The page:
TROY — When Ethan Smith’s mother was reluctant to drive after learning her car had recalled air bags, his father asked him to come up with a solution that would get her back behind the wheel.
The resulting invention, the Shrap Shield, is now available for pre-order online.
“My mom had a (Honda) CRV with a recalled Takata air bag and she wanted to get rid of it and my dad was fighting her on it, saying, ‘We don’t want to take a loss on this car.’ So he came to me,” Smith said.
He and his father, local lawyer De Wayne Smith, put their heads together to come up with a solution that would make her feel safe until the air bag could be replaced.
Smith, the owner of SmithFly Designs in Troy, used his experience in industrial design and his contacts in the tactical gear business to create a product that would protect drivers from air bag malfunctions.
The Shrap Shield is a departure from Smith’s usual business — making gear for sportsmen and inflatable watercraft — but he said he is glad to use his design skills to make something that could help people.
According to the U.S. Department of Transportation’s National Highway Traffic Safety Administration (NHTSA), there are at least 42 million cars on the road with recalled air bags.
Vehicles made by 19 different automakers were subject to the recall for air bags made by major parts supplier Takata. The air bags were mostly installed in cars between 2002 and 2015, according to the National Highway Traffic Safety Administration, an agency of the Department of Transportation.
“The list is pretty staggering when you see it,” he said.
Some of the air bag inflator cartridges are at risk of rupturing during a crash, which could send sharp metal pieces flying.
The Shrap Shield is made of laminated, puncture resistant correctional Kevlar, a material used to outfit jail and prison staff and protect them from sharp weapons. The simple design fits over the center of the steering wheel and is secured with Velcro, which lets the air bag deploy normally in the event of an accident.
If the air bag deploys, the break-away design allows it to blow off of the steering wheel and cover the face, head and neck before shrapnel hits the driver.
“That’s why we call it the Shrap Shield, because it’s a shield for shrapnel,” Smith said.
Smith tested the prototypes by intentionally deploying airbags, but he noted that there’s no way to tell if an air bag is faulty until it deploys.
“It’s like a seat belt. It’s not going to prevent every kind of calamity, but it’s still a measure of safety that we think can save some lives,” Smith said.
Smith worked with tactical equipment manufacturers in the area to select a material and create a prototype. Shrap Shields are made in the United States.
Realizing he had something widely useful on his hands, Smith worked with an attorney to start the patent process, which was finalized in July. Now Smith is exploring options for marketing the device.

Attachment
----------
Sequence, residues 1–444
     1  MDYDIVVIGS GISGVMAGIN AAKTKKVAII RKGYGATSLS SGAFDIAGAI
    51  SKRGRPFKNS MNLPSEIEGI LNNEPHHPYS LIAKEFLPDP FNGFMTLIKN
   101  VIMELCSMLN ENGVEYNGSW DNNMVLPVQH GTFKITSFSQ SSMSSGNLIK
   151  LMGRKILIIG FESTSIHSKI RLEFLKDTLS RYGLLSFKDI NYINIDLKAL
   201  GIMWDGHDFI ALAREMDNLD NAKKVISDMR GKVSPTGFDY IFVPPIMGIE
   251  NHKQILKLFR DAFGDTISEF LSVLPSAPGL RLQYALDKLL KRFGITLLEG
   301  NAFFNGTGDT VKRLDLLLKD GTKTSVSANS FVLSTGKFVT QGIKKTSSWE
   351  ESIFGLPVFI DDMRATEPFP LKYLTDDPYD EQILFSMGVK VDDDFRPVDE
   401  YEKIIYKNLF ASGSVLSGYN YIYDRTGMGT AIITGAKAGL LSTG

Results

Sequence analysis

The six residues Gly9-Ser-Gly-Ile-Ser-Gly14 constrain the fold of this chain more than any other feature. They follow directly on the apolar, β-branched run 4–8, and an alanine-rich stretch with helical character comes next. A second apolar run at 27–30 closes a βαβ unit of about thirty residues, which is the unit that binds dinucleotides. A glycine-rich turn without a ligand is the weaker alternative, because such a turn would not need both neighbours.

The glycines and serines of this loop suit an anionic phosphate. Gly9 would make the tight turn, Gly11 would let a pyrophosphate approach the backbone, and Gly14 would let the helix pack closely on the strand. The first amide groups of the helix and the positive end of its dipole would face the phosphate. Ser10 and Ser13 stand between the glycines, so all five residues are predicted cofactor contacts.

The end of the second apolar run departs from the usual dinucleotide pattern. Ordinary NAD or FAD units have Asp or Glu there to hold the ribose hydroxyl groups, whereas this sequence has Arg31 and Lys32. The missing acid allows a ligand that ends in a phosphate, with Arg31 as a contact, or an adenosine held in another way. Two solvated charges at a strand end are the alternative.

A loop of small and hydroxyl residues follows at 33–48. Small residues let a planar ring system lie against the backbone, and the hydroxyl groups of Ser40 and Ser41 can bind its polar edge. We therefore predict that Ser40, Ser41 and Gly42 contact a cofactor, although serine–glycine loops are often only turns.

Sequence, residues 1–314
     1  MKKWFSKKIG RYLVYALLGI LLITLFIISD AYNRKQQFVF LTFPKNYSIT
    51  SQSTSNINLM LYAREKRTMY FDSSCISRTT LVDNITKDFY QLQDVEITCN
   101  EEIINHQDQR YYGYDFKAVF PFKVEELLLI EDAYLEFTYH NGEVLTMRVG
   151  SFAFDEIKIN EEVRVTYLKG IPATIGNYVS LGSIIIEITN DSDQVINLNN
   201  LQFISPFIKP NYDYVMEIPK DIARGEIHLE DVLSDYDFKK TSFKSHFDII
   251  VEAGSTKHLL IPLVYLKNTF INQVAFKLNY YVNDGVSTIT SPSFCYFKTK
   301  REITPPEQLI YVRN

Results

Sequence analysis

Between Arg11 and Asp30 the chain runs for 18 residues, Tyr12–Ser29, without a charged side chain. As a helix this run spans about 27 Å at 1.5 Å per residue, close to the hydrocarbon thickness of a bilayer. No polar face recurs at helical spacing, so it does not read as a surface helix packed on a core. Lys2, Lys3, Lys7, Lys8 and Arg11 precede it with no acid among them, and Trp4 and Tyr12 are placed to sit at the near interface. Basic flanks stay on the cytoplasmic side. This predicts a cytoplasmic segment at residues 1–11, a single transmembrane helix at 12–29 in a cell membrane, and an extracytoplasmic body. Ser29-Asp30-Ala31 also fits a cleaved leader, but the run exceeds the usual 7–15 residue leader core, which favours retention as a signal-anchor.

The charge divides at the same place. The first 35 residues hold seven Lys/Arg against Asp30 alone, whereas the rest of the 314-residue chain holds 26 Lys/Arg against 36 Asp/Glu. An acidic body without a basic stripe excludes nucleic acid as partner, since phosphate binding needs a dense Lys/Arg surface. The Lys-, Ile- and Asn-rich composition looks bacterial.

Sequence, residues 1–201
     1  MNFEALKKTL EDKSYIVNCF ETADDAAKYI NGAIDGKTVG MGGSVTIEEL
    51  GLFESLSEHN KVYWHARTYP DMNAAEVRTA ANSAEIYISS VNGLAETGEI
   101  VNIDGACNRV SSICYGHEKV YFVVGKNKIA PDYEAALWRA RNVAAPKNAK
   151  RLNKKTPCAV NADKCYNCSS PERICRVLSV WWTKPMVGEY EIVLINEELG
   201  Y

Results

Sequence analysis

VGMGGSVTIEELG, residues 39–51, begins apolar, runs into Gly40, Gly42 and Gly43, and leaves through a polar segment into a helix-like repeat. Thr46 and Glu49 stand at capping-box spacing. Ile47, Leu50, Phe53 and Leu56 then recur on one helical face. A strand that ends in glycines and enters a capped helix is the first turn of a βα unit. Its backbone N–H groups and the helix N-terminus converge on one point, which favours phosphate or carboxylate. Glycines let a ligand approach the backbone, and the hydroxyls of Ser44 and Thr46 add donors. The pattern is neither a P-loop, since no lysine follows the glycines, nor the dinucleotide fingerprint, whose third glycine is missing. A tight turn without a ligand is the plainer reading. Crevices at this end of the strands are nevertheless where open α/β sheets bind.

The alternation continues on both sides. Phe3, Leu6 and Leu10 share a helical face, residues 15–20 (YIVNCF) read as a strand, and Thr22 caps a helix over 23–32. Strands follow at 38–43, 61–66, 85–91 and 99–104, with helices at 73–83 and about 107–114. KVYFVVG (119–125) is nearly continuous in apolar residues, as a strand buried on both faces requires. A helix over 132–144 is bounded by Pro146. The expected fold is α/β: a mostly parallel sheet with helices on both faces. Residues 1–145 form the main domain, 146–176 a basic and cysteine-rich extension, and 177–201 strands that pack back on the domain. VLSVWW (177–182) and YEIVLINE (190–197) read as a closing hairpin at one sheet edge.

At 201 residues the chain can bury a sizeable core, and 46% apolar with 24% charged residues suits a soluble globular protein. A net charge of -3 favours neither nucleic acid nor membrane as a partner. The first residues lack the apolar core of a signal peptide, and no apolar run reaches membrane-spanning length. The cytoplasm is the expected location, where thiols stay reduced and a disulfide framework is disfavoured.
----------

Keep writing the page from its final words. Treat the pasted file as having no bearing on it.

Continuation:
“It’s just a device that will help people,” he said.
Smith’s design works for many car models and he is working on versions of the Shrap Shield that fit different steering wheel types, he said.
“It’s flexible enough to be used on a variety of car models,” he said.
It’s not a permanent or one-size-fits-all solution, Smith admitted, but he hopes the Shrap Shield can keep drivers safe and give them peace of mind while they wait for air bag replacement.
He noted that wait times for replacement can also be daunting, adding that it could take as long as 10 years for all the millions of recalled air bags to be replaced.
“The Takata people can’t make new air bags fast enough to replace them all,” Smith said.
While the manufacturer has been sending out recall notifications to car owners, Smith pointed out that it could be useful to the owners of used cars who may be uninformed or to dealers who sell used vehicles. He also added that many people put off addressing recall issues when they do receive a notice, and may not know how serious the issue is.
The faulty air bags have caused at least nine documented deaths, he said.
“There was another death in Florida in July, I think. Air bag went off, shrapnel hit her in the jugular and she bled to death. And I think it was a fairly minor accident,” Smith said.
Those most at risk are residents of hot, humid areas, Smith said. The heat and humidity can degrade the metal air bag inflator cartridge, causing it to explode on impact.
To learn more about the Shrap Shield, visit www.shrapshield.com. The device is priced at $100. To see if your vehicle might be included in the recall, visit www.nhtsa.gov or the Shrap Shield website.
“My mom, her air bag ended up getting replaced eventually, but she drove around with the prototype in her car for like nine months while she waited. And she was like 2,000 on the list at our car dealer,” he said. “In the meantime, she drove around with this and she wasn’t afraid.”
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